How Obama’s Plan to Encourage Homeownership Will Hurt the Poor the Most

This morning the Washington Post reported:

The Obama administration is engaged in a broad push to make more home loans available to people with weaker credit, an effort that officials say will help power the economic recovery but that skeptics say could open the door to the risky lending that caused the housing crash in the first place.

…administration officials say they are working to get banks to lend to a wider range of borrowers by taking advantage of taxpayer-backed programs – including those offered by the Federal Housing Administration – that insure home loans against default.

Housing officials are urging the Justice Department to provide assurances to banks, which have become increasingly cautious, that they will not face legal or financial recriminations if they make loans to riskier borrowers who meet government standards but later default.

The Obama administration is concerned that even in the midst of the housing market’s recovery, many young people and people with bad credit can’t borrow money to buy homes. Yes, this sounds eerily similar to the policies that helped create the housing bubble in the first place. And yes, while ensuring that homes loans are available to all borrowers is a well-intentioned plan to help low-income families, it will likely hurt them.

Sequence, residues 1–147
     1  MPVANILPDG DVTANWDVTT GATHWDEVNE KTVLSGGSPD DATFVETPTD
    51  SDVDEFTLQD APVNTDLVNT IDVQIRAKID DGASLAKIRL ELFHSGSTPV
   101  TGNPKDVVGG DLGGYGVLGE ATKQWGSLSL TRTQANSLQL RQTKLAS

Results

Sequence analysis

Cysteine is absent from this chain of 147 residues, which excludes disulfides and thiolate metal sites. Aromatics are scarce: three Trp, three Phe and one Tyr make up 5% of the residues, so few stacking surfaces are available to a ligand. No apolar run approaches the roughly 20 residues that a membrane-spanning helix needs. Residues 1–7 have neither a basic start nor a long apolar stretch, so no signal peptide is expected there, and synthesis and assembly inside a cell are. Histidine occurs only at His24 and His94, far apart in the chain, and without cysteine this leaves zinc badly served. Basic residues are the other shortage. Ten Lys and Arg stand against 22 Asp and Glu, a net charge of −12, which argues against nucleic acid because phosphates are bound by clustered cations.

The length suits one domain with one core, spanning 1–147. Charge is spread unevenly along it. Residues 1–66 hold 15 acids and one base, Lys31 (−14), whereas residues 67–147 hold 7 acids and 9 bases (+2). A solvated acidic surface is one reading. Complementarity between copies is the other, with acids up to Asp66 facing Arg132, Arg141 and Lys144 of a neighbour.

This is a bad policy idea for at least three reasons:

First, it’s important to note that the administration is only promising to bail out banks, not borrowers. These loans would be going to people who probably don’t qualify for a standard mortgage and may struggle to make their payments. As a result, many of the borrowers are likely to default. If they do, they’d suffer financial losses and damaged credit ratings that could haunt their families for years to come. Meanwhile, if the loans go bad, the bank executives receive bailout checks.

Second, subsidizing things makes them more expensive. In looking at the Obama administration’s previous mortgage programs, Reason’s Anthony Randazzo noted there was “clearly visible bump in the [price of housing] starting in March 2009 when a number of the programs to help housing started to kick in, including low interest rates and the first-time homebuyers credit.” Guaranteeing home loans encourages low-income individuals to take out bigger loans for the same amount of house. This in turn makes their coming defaults even more ruinous than they would have been in an unsubsidized market.

Third, buying a house limits labor mobility, or the ability to pack up and move when you need a new job. Labor mobility is especially important to low-income, low-skill individuals.

What’s wrong with renting? Many low-income or young people would actually be better off with the flexibility that renting brings. Renting gives people a lot more freedom to move from job to job without being tied to a home and mortgage. Financially, renting doesn’t require the upfront costs of many home purchases and if you need to move it is often much easier to get out of a lease than it is to sell a home.

The housing bubble helped cause the last recession; we shouldn’t be rushing to repeat the mistakes that were made.